Cinema Review: Tesla | Under the Radar - Music Magazine
Sunday, September 20th, 2020  

Tesla

Studio: IFC Films
Directed by Michael Almereyda

Aug 18, 2020 Web Exclusive
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Although Nikola Tesla was renowned for energy innovation, Ethan Hawke’s new portrayal of him is anything but electric. And that’s not a criticism. Instead, Hawke plays Tesla in this film of the same name as if he’s just been shocked by the currents he’s studying. It’s a perpetual flinch and shudder at the business politics, economics, turn of the century romantic courtship, and other encroaching systems that bewilder him, even as he masters physics and science, and invents the alternating current (AC) induction motor, all with comparative ease.

Aside from a climactic breaking of the fourth wall that is sure to leave audiences floored, and a handful of breakthroughs in his laboratory, the demeanor of Hawke’s Tesla is droopier than his mustache. The genius’ neurosis and introversion, in Hawke’s hands, render the eponymous protagonist thoroughly relatable in this surreally artsy, convention flouting film helmed by Michael Almereyda (Hawke’s collaborator on their modernized take on Hamlet back in 2000). Your heartstrings will be pulled taut while rooting for the flawed, overwhelmed Tesla as he faces off against his pompous gasbag nemesis Thomas Edison (played with aplomb by Kyle MacLachlan, another Hamlet alum that’s sadly underutilized in this new film).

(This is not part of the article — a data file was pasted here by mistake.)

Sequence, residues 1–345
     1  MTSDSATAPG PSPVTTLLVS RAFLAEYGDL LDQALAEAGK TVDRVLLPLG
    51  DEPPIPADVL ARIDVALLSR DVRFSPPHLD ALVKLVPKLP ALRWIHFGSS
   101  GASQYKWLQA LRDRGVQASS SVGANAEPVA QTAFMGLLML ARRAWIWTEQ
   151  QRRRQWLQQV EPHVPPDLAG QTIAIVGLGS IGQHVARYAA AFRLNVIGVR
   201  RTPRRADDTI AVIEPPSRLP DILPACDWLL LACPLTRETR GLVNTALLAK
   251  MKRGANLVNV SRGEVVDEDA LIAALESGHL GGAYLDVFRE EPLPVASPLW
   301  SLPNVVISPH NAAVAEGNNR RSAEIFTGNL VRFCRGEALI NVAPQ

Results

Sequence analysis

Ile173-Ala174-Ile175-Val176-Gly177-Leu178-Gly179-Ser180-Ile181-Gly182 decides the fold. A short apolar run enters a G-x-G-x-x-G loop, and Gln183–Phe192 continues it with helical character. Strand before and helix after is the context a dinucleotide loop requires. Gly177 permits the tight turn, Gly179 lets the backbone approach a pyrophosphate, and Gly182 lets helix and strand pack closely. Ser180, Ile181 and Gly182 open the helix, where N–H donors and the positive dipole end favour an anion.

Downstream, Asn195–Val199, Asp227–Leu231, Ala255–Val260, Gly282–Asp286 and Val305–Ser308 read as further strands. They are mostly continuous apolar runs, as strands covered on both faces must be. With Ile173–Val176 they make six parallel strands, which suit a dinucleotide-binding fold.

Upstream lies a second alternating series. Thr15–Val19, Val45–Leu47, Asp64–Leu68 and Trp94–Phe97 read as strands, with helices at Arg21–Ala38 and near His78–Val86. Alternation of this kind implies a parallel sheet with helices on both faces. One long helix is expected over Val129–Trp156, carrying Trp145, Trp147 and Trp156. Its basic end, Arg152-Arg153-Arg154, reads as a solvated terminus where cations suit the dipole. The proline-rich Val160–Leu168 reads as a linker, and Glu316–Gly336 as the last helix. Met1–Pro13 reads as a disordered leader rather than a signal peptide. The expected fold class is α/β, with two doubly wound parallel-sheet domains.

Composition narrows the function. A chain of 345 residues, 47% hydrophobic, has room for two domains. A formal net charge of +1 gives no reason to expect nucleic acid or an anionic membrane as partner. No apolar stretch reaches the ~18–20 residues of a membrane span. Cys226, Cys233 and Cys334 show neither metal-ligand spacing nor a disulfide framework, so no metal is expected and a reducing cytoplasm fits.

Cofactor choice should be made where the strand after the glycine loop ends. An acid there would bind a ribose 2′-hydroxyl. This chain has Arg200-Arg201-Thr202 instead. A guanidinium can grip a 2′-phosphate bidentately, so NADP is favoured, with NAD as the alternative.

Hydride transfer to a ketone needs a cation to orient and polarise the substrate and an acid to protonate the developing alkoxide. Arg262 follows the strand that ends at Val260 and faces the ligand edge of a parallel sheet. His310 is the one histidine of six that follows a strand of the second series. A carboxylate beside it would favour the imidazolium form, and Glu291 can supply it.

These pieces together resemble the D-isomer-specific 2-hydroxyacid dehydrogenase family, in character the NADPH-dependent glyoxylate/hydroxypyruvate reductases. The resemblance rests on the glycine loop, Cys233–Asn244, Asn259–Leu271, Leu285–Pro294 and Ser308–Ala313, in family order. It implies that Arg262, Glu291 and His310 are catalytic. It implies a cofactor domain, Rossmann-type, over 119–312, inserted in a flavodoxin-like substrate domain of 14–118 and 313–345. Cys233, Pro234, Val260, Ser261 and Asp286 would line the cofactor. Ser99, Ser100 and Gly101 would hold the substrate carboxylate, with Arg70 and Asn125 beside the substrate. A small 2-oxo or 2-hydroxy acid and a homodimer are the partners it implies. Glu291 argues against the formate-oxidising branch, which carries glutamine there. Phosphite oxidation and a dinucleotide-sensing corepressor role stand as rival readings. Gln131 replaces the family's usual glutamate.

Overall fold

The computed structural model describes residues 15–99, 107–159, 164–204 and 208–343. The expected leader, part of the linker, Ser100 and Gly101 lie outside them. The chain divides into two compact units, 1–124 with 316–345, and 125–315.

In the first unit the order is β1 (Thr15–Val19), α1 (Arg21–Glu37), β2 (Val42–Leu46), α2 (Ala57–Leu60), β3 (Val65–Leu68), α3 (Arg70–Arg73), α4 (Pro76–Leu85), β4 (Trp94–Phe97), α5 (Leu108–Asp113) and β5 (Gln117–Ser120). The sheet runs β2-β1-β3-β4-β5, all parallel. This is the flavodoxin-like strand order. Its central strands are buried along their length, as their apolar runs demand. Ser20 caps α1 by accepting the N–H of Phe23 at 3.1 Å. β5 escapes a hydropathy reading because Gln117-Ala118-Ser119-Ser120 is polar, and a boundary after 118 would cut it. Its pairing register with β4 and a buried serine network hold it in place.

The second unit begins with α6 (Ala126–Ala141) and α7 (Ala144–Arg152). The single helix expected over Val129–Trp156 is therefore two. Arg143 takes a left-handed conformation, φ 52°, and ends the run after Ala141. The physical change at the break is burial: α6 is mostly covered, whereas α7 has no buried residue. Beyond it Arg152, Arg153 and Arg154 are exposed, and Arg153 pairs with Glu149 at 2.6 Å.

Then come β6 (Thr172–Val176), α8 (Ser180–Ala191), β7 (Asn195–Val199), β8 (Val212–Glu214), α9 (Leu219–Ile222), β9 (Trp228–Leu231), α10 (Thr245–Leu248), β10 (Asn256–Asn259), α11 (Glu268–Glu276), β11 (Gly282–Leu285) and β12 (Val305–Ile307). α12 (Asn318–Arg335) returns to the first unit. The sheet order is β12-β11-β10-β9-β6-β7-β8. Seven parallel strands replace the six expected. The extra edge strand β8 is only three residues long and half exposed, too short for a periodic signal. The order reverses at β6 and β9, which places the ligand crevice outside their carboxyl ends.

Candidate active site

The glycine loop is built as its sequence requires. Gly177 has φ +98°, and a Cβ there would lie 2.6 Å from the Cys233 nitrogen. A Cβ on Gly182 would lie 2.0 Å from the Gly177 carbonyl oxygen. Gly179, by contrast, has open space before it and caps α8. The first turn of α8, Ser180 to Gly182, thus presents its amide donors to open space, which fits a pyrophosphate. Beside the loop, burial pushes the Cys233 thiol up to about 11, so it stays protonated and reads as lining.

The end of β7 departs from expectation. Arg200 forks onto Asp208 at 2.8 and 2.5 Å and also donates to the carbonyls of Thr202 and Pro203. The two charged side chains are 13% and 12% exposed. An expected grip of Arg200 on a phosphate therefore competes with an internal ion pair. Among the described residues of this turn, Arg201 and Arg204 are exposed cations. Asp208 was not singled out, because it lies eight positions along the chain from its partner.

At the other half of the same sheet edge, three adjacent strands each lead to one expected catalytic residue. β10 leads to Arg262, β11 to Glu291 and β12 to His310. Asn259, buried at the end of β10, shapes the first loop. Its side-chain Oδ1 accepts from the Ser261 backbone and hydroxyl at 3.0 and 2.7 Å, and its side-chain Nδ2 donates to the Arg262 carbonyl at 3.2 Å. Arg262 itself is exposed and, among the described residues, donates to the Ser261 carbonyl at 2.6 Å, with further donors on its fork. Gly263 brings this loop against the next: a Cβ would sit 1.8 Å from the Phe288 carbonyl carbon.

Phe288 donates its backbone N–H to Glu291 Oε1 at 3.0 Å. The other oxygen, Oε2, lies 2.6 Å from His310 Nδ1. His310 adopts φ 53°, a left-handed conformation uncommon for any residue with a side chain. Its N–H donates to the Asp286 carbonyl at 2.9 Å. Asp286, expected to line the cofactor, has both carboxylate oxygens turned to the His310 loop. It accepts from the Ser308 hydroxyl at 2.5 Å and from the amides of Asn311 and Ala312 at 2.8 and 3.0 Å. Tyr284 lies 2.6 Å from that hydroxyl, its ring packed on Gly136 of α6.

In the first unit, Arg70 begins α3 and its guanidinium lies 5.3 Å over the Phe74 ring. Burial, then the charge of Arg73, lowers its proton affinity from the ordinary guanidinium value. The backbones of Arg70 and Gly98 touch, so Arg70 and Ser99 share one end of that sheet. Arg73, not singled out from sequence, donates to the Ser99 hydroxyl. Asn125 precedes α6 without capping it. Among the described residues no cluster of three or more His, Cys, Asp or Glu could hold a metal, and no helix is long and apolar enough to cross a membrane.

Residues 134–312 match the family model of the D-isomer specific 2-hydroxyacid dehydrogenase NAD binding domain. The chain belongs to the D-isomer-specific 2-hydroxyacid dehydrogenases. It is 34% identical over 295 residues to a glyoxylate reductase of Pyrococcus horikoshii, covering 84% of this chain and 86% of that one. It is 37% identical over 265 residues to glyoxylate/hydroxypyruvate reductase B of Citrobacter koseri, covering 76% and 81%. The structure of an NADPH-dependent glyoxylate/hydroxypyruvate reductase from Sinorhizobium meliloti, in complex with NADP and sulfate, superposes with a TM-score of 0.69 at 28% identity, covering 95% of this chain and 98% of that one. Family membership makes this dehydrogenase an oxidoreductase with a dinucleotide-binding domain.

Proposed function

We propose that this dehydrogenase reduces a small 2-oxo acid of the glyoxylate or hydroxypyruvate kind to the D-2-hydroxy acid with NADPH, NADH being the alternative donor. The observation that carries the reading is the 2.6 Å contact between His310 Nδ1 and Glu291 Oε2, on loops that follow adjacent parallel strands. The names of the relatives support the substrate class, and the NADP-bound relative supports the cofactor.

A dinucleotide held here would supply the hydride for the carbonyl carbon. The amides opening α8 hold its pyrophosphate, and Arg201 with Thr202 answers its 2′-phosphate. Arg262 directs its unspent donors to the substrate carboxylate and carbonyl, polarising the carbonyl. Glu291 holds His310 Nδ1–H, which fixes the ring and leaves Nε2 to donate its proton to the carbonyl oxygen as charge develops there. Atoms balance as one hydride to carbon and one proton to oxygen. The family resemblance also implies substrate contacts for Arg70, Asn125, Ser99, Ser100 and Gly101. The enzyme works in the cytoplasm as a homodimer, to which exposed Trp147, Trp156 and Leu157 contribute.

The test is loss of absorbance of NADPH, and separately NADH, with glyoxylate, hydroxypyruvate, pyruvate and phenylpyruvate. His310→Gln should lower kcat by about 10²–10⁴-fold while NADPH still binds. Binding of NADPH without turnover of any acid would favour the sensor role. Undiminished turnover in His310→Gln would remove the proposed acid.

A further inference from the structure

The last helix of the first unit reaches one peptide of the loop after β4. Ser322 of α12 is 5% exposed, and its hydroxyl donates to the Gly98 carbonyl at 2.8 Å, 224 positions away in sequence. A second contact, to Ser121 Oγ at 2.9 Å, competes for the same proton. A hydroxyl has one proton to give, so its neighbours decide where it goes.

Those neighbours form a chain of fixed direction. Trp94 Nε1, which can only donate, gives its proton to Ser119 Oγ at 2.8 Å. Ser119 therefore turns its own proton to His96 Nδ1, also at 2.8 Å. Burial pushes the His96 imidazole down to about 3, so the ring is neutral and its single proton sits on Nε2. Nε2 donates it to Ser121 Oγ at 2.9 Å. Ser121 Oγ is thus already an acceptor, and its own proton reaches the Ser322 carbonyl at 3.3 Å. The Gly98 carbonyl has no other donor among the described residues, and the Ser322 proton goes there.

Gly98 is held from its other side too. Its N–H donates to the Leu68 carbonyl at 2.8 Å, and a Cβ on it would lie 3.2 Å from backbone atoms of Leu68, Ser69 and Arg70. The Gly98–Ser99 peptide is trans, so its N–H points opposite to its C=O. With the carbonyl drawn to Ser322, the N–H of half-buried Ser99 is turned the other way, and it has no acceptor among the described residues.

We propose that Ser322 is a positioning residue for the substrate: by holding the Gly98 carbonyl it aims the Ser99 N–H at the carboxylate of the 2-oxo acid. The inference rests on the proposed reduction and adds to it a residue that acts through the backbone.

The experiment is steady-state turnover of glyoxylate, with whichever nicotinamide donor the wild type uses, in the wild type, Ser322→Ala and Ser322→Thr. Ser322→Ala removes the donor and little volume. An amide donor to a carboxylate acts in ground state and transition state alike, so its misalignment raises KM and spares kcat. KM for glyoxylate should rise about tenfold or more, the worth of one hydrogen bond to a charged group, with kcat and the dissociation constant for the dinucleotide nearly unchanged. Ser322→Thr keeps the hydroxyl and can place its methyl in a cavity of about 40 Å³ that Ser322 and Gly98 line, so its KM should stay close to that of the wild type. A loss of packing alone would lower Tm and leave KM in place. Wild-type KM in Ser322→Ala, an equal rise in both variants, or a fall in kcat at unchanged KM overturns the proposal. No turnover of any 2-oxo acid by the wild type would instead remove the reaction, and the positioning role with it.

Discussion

Equally moving: Tesla’s struggles to connect with Eve Hewson’s Anne Morgan (daughter of J.P. Morgan). For her, Tesla’s brilliance instantly shines through his social awkwardness, though she seems as intrigued by his peculiarities as his talent. That could be chalked up to the same empathy Anne Morgan would employ in her lengthy philanthropic career, [https://www.pbs.org/wgbh/americanexperience/features/triangle-fire-anne-morgan/] which isn’t explored in this film. Nevertheless, director Almereyda doesn’t give Morgan short shrift, instead filming the opening scene between her and Tesla on roller skates from the waist up, until they appear to be gliding in defiance of gravity. Another early scene where Hewson breaks the fourth wall will make audiences sit up in their chairs and smile at the zany panache of it all. Almereyda’s occasional use of obsolete, silent movie style backdrops gives the movie further artsy flourishes. Even if his metaphors and visual tricks zip straight over your head, the images will stay seared in your memory.

Akin to their attempts to modernize Hamlet back in 2000, Hawke and Almereyda usher Tesla into the twenty-first century. Some viewers may be put off by its strangeness. But open-minded audiences will be more than intrigued by this inventive movie about an inventive man.

Author rating: 7/10

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